The obvious differences between humans and our closest relatives, the chimpanzees, belie the fact that our genomes differ by just over one percent. That most of those differences probably occur in non-coding regions led Marie-Claire King and Alan Wilson to propose, in 1975, that changes in protein concentration, as opposed to changes in protein structure, may be what separates humans from their cousins. Could this be why chimpanzees do not get Alzheimer's disease, or malaria? If borne out by experimental evidence, this hypothesis could help us understand our predilection for such diseases.

Svante Pääbo from the Max-Plank-Institute for Evolutionary Anthropology in Leipzig, Germany, together with colleagues in the USA and the Netherlands, has addressed the hypothesis by comparing human and chimp mRNA expression and proteome profiles. Their report appears in today's Science.

Their results suggest that the human brain has evolved more rapidly than other tissues. First, using Affymetrix chips, they conducted pairwise comparisons of the expression levels of 12,000 different mRNAs from brain and liver. The differences were used to make an overall distance tree with human, chimpanzee, and orangutan branches. It turns out that the evolutionary distance between human and chimpanzee brains is twice that found for their livers. By contrast, the same experimental regimen applied to three species of mice, which have similar overall genome differences as the three primates, had almost identical distances between liver and brain. The data suggest that it may be transcript or protein levels that separate us from the chimps.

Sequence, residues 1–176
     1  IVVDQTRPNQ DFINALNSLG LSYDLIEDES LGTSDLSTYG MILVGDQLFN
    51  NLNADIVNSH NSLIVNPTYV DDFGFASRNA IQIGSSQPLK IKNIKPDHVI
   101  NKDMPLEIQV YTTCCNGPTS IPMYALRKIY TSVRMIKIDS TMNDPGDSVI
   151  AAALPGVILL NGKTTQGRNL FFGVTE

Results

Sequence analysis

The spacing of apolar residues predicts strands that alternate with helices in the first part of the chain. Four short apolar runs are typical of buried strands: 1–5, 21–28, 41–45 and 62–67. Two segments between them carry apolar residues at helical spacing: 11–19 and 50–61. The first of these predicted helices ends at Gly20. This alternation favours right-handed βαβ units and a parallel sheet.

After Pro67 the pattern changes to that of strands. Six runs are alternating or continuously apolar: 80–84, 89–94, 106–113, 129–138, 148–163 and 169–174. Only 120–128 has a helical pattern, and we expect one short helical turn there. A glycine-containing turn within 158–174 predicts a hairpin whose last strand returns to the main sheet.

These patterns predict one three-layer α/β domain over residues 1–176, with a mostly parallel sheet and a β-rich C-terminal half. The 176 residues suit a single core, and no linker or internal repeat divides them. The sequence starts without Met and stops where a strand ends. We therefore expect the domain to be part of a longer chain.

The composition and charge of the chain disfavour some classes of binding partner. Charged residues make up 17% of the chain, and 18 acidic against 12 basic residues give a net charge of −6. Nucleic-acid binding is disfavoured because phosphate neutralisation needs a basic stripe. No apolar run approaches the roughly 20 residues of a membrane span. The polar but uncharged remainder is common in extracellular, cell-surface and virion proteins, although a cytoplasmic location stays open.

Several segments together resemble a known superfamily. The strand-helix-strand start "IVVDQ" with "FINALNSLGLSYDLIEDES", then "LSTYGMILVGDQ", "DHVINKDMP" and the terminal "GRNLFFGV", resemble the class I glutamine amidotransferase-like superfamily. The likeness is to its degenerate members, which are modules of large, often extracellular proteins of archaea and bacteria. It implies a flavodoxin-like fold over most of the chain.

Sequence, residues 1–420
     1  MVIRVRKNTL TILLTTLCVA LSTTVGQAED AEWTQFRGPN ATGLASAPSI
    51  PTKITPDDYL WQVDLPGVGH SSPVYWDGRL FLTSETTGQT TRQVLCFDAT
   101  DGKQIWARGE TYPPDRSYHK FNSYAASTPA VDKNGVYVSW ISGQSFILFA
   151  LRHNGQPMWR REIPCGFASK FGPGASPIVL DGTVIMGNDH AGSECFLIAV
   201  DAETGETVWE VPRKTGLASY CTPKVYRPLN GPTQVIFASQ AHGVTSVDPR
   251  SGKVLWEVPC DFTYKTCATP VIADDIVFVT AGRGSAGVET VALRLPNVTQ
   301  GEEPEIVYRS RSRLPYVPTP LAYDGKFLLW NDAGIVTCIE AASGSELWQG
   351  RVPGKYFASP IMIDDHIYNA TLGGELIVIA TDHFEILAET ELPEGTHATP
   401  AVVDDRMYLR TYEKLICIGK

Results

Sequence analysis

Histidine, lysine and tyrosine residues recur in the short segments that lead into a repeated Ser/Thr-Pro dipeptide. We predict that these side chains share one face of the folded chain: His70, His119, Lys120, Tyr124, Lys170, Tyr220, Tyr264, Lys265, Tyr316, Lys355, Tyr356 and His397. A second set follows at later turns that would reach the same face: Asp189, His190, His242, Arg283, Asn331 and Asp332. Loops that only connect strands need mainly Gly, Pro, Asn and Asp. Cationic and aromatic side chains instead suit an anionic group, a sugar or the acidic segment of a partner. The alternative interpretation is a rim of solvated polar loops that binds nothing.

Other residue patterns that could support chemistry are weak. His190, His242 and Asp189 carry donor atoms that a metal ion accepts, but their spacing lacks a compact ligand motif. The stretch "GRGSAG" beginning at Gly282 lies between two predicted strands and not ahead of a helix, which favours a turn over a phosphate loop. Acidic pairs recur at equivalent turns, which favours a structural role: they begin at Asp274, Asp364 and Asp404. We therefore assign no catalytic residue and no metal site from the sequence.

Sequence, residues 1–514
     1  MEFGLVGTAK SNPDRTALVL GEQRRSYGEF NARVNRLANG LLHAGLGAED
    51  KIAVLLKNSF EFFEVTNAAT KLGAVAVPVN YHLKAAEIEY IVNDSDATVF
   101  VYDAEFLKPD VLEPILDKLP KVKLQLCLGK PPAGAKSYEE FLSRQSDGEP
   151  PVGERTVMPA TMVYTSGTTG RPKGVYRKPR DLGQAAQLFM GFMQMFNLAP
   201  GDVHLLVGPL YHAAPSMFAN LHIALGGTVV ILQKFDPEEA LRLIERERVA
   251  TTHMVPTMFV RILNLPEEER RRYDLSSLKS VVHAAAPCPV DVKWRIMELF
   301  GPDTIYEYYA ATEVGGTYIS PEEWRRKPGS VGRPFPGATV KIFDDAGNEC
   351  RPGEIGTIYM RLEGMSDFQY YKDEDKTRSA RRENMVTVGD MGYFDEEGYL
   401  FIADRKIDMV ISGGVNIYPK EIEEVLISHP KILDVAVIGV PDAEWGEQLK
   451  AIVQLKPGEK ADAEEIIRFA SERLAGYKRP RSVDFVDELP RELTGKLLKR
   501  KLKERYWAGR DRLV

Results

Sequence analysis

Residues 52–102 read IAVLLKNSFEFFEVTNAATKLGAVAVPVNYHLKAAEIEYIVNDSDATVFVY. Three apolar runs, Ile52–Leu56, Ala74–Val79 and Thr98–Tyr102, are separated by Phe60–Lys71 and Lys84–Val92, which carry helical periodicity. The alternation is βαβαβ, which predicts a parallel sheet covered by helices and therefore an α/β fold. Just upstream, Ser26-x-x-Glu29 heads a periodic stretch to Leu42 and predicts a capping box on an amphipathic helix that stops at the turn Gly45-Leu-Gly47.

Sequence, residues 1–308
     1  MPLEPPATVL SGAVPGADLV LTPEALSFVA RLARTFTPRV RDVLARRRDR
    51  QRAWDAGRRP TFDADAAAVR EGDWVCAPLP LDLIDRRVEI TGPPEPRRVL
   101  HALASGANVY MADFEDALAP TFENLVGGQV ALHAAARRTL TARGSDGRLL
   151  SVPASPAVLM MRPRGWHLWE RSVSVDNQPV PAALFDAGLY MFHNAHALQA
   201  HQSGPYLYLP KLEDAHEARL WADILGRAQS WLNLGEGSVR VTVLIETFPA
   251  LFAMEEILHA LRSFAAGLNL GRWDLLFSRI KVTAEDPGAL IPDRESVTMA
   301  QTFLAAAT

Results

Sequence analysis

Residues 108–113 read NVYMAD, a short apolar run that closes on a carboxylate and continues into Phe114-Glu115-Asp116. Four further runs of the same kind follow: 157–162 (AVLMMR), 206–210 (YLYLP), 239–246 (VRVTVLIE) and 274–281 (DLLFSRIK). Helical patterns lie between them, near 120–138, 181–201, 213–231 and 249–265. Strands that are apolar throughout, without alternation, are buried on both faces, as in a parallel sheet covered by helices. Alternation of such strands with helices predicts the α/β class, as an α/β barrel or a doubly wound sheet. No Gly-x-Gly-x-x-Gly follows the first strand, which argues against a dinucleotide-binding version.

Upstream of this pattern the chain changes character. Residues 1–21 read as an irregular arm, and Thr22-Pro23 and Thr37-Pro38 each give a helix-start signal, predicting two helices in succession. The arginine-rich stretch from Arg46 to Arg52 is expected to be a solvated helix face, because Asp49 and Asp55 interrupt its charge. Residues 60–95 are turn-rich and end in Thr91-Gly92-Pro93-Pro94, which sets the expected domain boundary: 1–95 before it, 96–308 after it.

To examine that idea, Pääbo et al. used 2D polyacrylamide gels to compare human and chimpanzee brain proteomes. They found that qualitative differences between the two, such as shifts in migration patterns, were similar to those between two species of mice, but that quantitative differences were six-fold higher between humans and chimps.

The next challenge will surely be to identify the proteins made in such vastly different amounts. Pääbo and colleagues identified some of them; curiously, they could all be classified as housekeeping enzymes, including aldose reductase, carbonic dehydratase, and malate dehydrogenase.—Tom Fagan

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  1. Its very nice to see the beginnings of a test for the King & Wilson 1975 idea, (especially for both RNA and protein). There's still a long way to go to dissect out the quantitative effects on the alternative splice forms for the various mRNAs in the plethora of cell-types within the brain. The subset of differences relevant to neurodegenerative disease differences among apes will probably be harder to disentangle than a similar approach entirely within human families/populations, where the number of differences can be more focused and relevant (but time will tell)."

References

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  1. in 1975

Further Reading

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Primary Papers

  1. . Intra- and interspecific variation in primate gene expression patterns. Science. 2002 Apr 12;296(5566):340-3. PubMed.